As a traditionalist Dvorak accepted the forms of his art without question, but he regenerated them by injecting a strong racial feeling, which gave brilliant vitality, depth, and warmth to every?thing he wrote. Dvorak possessed genuinely Slavonic qualities that gave an imperishable color and lyrical character to his music. With a preponderance of temperament and emotion over reason and intellect, he always seemed to be intuitively guided to effect a proper relationship between what he wished to express and the manner of expressing it. In this connection he had more in common with Mozart and Schubert than he had with Beethoven. Like them he was one of those rare, natural musicians who produced continuously, spontaneously, and abundantly. His expression is fresh and irresistibly frank, and, although it is moody at times and strangely sensitive, it is never deeply philosophical or brooding; gloom and depression are never allowed to predominate. Everything he felt and said in his music was natural and clear. There was no defiance, no mystical ecstacy in his makeup. He had the simple faith, the natural gaiety, and the sane and robust qualities of Haydn. His music, therefore, lacks the breadth and the epic quality of Beethoven's; it possesses none of the transcendent emotional sweep of Tchaikovsky's; but for radiantly cheerful and comforting music, lor goodhearted, peasantlike humor, for unburdened lyricism, Dvorak has no peer.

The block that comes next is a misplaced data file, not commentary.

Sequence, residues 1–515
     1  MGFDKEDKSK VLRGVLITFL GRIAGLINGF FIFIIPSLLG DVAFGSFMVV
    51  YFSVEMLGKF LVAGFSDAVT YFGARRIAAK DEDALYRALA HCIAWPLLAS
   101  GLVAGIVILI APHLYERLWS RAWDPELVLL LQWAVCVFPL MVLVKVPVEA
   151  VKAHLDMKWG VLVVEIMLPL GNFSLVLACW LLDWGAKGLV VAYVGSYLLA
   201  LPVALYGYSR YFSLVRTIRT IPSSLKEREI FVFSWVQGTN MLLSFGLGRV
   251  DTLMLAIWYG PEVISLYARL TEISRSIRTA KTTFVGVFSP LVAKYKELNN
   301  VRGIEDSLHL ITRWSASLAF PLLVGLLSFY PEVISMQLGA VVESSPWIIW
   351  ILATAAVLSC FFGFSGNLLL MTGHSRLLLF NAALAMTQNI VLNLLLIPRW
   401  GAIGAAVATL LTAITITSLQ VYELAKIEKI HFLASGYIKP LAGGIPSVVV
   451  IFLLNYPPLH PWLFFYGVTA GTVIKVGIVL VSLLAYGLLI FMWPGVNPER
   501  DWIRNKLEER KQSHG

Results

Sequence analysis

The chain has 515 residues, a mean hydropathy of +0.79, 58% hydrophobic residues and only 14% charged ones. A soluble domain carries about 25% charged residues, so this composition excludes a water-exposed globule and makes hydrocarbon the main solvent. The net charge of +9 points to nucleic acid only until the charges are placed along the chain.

In 1S91 the committee of the Birmingham Festival commissioned Dvorak to write a work and suggested a setting of parts of Cardinal Newman's Dream of Cerontius. He accepted the commission, but refused the text. Instead he wrote a Requiem. The work was sketched out between January and June, worked over in August and September, and performed for the first time on October 9 at the Birmingham Festival under his direction. It was an immediate success.